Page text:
"I rose in eighteen months;
"The hardest nut I had to crack
"Was Dr. Dundas.

"I never mentioned a man but with the view
"Of selling my own works.
"The tip's a good one, as for literature
"It gives no man a sinecure."

And no one knows, at sight a masterpiece.
And give up verse, my boy,
There's nothing in it."

* * *

Likewise a friend of Bloughram's once advised me:
Don't kick against the pricks,
Accept opinion. The "Nineties" tried your game
And died, there's nothing in it.


Beneath the sagging roof
The stylist has taken shelter,
Unpaid, uncelebrated,
At last from the world's welter

Nature receives him,
With a placid and uneducated mistress
He exercises his talents
And the soil meets his distress.

The haven from sophistications and contentions
Leaks through its thatch;
He offers succulent cooking;
The door has a creaking latch.


"Conservatrix of Milésien"
Habits of mind and feeling,
Possibly. But in Ealing
With the most bank-clerkly of Englishmen?

No, "Milésian" is an exaggeration.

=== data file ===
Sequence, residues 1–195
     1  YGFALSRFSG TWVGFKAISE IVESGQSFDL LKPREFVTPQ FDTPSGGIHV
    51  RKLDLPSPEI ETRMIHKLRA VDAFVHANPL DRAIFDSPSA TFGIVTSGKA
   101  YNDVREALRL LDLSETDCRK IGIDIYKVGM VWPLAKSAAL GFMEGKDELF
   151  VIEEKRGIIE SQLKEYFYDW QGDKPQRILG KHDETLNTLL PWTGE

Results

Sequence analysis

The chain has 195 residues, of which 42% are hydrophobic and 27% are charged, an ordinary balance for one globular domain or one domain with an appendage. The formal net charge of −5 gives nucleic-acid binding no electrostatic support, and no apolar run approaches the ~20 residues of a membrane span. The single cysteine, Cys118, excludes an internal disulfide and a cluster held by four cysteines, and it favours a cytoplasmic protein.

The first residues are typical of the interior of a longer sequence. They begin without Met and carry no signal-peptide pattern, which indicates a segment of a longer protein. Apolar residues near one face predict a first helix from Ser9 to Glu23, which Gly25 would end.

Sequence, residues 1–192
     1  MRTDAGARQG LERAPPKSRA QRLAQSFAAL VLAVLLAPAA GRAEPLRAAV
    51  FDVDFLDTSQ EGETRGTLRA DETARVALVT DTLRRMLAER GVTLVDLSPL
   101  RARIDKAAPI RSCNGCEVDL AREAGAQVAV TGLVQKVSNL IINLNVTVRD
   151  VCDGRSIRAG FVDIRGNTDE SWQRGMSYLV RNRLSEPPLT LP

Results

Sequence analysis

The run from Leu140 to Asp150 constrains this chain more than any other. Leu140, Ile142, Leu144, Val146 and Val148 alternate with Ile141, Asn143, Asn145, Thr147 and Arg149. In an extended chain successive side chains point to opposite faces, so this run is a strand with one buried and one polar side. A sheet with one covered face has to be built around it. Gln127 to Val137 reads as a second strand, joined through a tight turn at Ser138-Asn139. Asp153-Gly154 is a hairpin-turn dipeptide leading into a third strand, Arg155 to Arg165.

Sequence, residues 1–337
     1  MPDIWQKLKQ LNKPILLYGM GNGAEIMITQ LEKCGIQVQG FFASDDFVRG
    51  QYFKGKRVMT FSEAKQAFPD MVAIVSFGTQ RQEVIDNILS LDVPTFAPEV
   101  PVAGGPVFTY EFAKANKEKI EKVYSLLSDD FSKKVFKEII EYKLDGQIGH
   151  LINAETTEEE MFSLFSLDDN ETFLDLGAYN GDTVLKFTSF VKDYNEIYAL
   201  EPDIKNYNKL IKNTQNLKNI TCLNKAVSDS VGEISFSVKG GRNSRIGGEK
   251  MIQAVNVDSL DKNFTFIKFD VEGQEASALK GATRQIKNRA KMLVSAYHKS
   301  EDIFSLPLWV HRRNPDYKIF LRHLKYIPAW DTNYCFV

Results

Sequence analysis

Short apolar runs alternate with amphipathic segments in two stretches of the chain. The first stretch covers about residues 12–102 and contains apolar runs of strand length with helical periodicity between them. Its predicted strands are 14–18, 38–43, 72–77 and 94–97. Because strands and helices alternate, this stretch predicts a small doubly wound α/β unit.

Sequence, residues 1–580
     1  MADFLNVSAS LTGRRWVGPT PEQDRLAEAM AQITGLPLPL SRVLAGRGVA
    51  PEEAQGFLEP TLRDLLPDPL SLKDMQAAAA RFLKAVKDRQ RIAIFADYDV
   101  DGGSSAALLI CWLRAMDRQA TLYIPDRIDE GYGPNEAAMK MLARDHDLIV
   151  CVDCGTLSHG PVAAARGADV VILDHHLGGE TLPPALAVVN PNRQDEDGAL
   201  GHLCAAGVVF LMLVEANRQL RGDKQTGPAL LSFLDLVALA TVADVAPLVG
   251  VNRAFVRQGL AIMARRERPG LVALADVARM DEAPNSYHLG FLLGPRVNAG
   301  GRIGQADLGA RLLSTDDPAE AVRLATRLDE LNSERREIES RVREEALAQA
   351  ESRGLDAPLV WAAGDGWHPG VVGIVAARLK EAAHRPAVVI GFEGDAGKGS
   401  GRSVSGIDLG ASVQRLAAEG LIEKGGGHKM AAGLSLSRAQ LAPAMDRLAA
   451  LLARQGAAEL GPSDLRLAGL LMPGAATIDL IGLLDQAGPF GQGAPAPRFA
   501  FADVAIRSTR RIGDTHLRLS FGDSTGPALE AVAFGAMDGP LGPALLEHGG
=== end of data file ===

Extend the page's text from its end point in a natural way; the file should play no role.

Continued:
No instinct has survived in her
Older than those her grandmother
Told her would fit her station.


"Daphne with her thighs in bark
Stretches toward me her leafy hands", --
Subjectively. In the stuffed-satin drawing-room
I await The Lady Valentine's commands,

Knowing my coat has never been
Of precisely the fashion
To stimulate, in her,
A durable passion;

Doubtful, somewhat, of the value
Of well-gowned approbation
Of literary effort,
But never of The Lady Valentine's vocation:

Poetry, her border of ideas,
The edge, uncertain, but a means of blending
With other strata
Where the lower and higher have ending;

A hook to catch the Lady Jane's attention,
A modulation toward the theatre,
Also, in the case of revolution,
A possible friend and comforter.

* * *

Conduct, on the other hand, the soul
"Which the highest cultures have nourished"
To Fleet St. where
Dr. Johnson flourished;

Beside this thoroughfare
The sale of half-hose has
Long since superseded the cultivation
Of Pierian roses.

Ezra Pound
Posted: Apr 10, 2008 12:58 pm
I'm not reading all that shit
Posted: Apr 18, 2008 10:09 pm
"chuck heston was in the movie too/ but he was just a ham...."